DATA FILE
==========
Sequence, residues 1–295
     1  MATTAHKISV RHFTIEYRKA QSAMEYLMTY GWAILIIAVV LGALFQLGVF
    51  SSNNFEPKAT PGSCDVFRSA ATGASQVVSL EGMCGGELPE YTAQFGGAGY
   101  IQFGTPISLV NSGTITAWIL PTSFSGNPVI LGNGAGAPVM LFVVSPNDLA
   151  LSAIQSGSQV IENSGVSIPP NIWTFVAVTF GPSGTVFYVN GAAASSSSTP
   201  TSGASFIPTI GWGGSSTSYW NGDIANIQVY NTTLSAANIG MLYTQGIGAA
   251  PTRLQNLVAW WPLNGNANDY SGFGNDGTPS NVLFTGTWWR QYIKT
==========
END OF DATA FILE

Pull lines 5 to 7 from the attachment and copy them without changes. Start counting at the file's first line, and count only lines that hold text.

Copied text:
   151  LSAIQSGSQV IENSGVSIPP NIWTFVAVTF GPSGTVFYVN GAAASSSSTP
   201  TSGASFIPTI GWGGSSTSYW NGDIANIQVY NTTLSAANIG MLYTQGIGAA
   251  PTRLQNLVAW WPLNGNANDY SGFGNDGTPS NVLFTGTWWR QYIKT